Incident on 57th Street

Incident on 57th Street is currently in my top 5. I can’t stop listening to it and the rendition that is on the new Bruce Springsteen: The Live Series: Songs of the Road is just stunning.

Upstairs a band was playin’, the singer was singin’ something about going home.

The song was released on The Wild, the Innocent & the E Street Shuffle (1973) and is considered a key development in Springsteen’s songwriting career. The working title was “Puerto Rican Jane” and it is one of the first songs on which Springsteen is “observing” from a third-person perspective.

We meet Spanish Johnny and Puerto Rican Jane. The story is set in NYC and has parallels to West Side Story (Jonny referred to as “a cool Romeo” and Jane as “a late Juliet”).

Jane emerges from the shadows as a redemptive saviour. She sympathises with Johnny, who is beat up and rejected. They hook up but some night he is invited to “make a little easy money”. She doesn’t want him to go but he is drawn to the opportunity and leaves Jane alone, just like she knew he would. He promises to return the next day.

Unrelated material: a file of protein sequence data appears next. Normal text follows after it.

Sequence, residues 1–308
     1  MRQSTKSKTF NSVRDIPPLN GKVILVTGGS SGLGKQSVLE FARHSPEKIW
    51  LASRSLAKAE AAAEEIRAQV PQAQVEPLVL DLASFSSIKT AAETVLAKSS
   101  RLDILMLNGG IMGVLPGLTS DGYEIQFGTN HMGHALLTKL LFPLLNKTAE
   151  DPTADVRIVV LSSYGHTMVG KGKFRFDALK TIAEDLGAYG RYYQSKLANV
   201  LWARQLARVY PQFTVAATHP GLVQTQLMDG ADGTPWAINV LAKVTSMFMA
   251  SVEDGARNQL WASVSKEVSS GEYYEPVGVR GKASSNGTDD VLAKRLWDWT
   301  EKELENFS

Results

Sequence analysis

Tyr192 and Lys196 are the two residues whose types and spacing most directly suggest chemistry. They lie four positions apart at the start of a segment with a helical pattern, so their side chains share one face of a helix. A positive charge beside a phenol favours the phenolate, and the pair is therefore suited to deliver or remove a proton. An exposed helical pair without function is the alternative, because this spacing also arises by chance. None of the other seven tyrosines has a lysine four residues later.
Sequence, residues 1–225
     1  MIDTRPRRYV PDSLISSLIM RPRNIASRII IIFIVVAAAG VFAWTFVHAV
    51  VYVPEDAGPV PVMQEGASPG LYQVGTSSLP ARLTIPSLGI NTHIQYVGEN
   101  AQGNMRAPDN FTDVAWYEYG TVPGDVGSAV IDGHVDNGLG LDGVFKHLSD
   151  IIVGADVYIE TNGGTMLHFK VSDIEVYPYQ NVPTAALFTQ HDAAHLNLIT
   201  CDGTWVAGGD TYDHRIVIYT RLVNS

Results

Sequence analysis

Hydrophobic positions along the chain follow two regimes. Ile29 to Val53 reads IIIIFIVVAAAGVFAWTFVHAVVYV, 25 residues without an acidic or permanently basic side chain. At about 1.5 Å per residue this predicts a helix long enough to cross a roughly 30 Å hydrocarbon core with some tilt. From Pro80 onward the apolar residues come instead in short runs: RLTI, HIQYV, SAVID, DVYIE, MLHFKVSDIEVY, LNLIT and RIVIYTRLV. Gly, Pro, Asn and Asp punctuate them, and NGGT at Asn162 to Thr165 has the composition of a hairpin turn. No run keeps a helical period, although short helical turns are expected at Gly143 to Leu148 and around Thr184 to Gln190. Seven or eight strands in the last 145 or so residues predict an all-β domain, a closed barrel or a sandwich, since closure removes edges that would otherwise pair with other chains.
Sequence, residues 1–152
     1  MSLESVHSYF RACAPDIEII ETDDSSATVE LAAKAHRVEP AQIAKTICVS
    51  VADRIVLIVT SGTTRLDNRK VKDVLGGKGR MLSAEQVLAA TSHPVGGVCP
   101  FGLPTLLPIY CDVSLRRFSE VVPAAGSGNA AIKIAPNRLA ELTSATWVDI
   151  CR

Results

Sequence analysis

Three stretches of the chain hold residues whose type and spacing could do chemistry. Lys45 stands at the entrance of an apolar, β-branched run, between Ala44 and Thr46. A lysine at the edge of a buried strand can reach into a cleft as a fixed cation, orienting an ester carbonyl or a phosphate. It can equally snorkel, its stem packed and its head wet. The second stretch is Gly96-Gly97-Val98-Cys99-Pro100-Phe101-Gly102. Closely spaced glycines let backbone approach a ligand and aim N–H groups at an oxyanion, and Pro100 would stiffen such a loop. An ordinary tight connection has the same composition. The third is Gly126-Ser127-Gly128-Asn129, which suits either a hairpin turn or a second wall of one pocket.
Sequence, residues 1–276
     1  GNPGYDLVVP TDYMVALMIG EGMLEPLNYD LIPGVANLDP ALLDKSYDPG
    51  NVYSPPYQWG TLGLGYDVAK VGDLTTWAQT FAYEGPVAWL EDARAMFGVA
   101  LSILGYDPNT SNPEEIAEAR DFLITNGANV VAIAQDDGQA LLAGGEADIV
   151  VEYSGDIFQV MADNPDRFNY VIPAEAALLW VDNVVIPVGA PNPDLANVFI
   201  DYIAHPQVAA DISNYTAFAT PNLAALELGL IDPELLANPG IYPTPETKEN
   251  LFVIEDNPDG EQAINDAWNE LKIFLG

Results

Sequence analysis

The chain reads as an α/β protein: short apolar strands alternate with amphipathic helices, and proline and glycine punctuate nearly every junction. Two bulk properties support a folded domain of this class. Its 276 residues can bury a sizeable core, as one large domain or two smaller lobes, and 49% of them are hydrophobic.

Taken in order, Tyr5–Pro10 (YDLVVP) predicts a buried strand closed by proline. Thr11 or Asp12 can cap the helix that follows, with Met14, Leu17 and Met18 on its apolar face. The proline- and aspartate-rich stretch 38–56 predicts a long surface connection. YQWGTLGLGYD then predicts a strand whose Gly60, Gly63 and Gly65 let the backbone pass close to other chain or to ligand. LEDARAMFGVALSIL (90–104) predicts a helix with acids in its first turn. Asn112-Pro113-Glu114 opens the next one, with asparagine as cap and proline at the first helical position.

She whispered, “Spanish Johnny, you can leave me tonight, but just don’t leave me alone” 

The ending is left ambiguous, leaving to the listener’s imagination whether Johnny’s adventure that night meets with a tragic end, or whether the lovers actually do meet again.

There is something about this song that makes it a masterpiece in my eyes. Right from the delicate piano opening to the lyrics, which are so cinematic, to the haunting vocals and the final cry of “Goodnight, it’s all right Jane.”

ICYMI: check out the newly released playlist Bruce Springsteen: The Live Series: Songs of the Road, available now on Spotify and Apple Music. It contains, at least for me, many previously unheard live versions from the archives.

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